In Hebrews 4 the writer is clearly using the Sabbath as a symbol of the person of faith, as opposed to the person of unbelief, ceasing from his own works and trusting in the works of God for salvation! The Sabbath is used here, just as it is in Matthew, of being a symbol of the way we enter into a saving relationship with Jesus by entering his rest by claiming his good works as our own! The Sabbath should be preached as a wonderful symbol of grace! We should be proclaiming that we are all Sabbath breakers, but when we accept Jesus, we become Sabbath keepers because the Sabbath symbolizes righteousness by faith, renouncing our own works, trusting only in the works of Jesus Christ in our behalf, and the grace of God, who does for us what we cannot do for ourselves! Like Paul we choose to “be found in him, not having mine own righteousness, which is of the law, but that which is through the faith of Christ, the righteousness which is of God by faith.”12
So the Sabbath is a great paradoxical symbol of righteousness by faith! It’s a sign that we cannot, by our own works, make ourselves holy. It’s a symbol that we are set apart by God, and sanctified only by grace and not by our own Sabbath keeping. It’s a symbol that we have renounced our own Sabbath keeping and, like Paul, want to be found only in the righteousness of God which is by faith. But here’s the great paradox. Those who claim to be the ultimate proclaimers of the Sabbath need to repent of their self-righteousness in proclaiming a self-centered message, and instead begin to proclaim the Sabbath as the symbol of God’s grace in doing through his Son what we ourselves could never accomplish.
The Sabbath is the great leveler at the foot of the cross, pointing out how an unholy person could never keep even a single Sabbath. In Exodus 20: 8 we are told to “Remember the Sabbath day, to keep it holy.” In Rev. 15: 4 the angels sing, “for thou only art holy: for all nations shall come and worship before thee.” Not only are we to keep the Sabbath for a day, but for a lifetime. From the moment of our birth, we must maintain the absolute holiness of twenty-four hours of every Sabbath! We must present to God only perfect, flawless Sabbath worship, every minute of every Sabbath, for that is the only kind of worship acceptable to him! No wonder it’s said about the Lamb, "Thou only art holy”! Only Jesus Christ is holy! That’s what the Bible teaches.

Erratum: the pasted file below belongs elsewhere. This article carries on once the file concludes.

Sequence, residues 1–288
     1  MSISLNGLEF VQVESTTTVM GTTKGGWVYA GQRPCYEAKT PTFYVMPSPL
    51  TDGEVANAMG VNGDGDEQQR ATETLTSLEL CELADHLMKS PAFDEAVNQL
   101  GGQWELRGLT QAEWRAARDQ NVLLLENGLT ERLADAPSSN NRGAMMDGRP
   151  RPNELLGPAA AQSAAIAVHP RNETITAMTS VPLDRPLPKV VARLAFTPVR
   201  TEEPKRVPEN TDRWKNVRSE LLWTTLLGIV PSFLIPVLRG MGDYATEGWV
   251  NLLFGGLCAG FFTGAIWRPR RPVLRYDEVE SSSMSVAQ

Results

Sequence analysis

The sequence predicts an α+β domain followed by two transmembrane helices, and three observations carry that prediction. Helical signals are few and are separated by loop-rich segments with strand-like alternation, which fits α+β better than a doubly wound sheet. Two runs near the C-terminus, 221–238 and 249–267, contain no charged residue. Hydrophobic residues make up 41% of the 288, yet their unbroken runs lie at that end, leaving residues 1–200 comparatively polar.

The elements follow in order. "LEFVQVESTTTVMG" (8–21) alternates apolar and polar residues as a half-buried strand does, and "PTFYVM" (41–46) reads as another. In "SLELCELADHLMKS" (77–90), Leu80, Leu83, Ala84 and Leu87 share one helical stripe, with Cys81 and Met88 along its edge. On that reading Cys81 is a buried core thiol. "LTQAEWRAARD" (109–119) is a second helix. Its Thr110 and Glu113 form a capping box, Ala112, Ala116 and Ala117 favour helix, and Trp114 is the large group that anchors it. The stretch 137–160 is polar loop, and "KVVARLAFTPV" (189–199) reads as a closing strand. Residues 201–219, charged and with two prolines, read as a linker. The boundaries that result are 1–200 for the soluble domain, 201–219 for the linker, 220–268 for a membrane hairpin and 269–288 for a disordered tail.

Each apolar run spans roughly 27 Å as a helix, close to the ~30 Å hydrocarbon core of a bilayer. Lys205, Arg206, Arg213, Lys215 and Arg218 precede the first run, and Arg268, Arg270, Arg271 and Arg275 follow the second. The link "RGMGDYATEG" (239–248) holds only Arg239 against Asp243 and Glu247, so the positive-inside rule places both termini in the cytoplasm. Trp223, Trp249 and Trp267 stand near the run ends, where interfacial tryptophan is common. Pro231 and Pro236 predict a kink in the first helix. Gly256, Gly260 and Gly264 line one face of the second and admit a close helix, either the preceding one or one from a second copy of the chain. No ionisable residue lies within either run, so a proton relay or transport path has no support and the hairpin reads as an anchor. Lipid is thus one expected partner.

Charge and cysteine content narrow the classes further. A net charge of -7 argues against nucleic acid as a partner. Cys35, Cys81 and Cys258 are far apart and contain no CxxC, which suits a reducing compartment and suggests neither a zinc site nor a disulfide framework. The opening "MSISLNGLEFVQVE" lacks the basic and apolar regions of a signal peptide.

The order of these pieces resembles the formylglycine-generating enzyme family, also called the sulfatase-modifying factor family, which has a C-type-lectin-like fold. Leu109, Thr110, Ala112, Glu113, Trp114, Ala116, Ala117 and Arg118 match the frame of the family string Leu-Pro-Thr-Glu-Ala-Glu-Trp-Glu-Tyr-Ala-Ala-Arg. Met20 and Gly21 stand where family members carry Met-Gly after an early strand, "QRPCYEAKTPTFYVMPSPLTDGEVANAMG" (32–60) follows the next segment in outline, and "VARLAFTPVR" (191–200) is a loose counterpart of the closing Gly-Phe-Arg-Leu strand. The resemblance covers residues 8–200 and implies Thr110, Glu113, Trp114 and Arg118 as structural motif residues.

Christ’s perfect Lamb of God Sabbath keeping is our only true Sabbath keeping! He alone is holy! Is it a great paradox? Yes! Is it absolutely true that no human being since the fall has ever kept even one single Sabbath holy apart from Christ? Yes! Is it true that Christ kept every Sabbath absolutely holy? Yes! Does God command us to keep his Sabbath day holy? Yes! Is it paradoxical? Yes! Can we be as holy as Jesus? Can we keep the Sabbath? Can we obey his commandments? Can our righteousness exceed the righteousness of the scribes and Pharisees? Can we be greater than John the Baptist? Can we keep his commandments if we love him? The answer to all these questions is Yes! But how? There is only one way: through the righteousness of Christ by faith! He alone is holy, and when you receive him as your Savior, he stands in your place and God looks at you as if you had never sinned! Hallelujah! The very Sabbath itself is a symbol of the rest we find by faith in the righteousness of Christ! When we begin to proclaim it as a symbol of grace, and meet our fellow Christians in humility at the foot of the cross, the Sabbath will be welcomed in a way that we have yet to experience. Let us make Christ and his righteousness the very center of our Sabbath message from henceforth!
Prayer – Our Father God, the Lord our Righteousness! Forgive us for arrogantly assuming that our feeble attempts at worship were acceptable in your sight. Forgive us for giving the impression to our children, families and the communities, that we were “keeping your Sabbath holy” when in fact, we were just as guilty as they were of failing to grasp the true meaning of the Sabbath. Forgive us for our pride and presumption, as we argued rather than proclaimed, as we declared them lawbreakers, when we ourselves were doing the same thing. Teach us to worship you only by placing our own sinful offerings on the glowing coals of the fire of Christ’s righteousness that our worship might be acceptable in your sight, dear Lord. May Christ’s perfect Sabbath keeping stand in place of ours! May his perfect law keeping stand in place of ours! And because of his good works alone, may you look at us as if we have never sinned is our prayer in Jesus’ name. Amen.
1 Isaiah 64:6
2 Galatians 2:16
3 Selected Messages, Book 1, Ellen G. White, pp. 344f
4 Romans 7:12
5 Romans 6:23
6 Luke 1:35
7 John 14:10, emphasis added
8 Numbers 28:3, 9, 11
9 Ezekiel. 20:12
10 Matthew 11:28f
11 Hebrews 4:1, 3, 4, 9ff
12 Philippians 3:9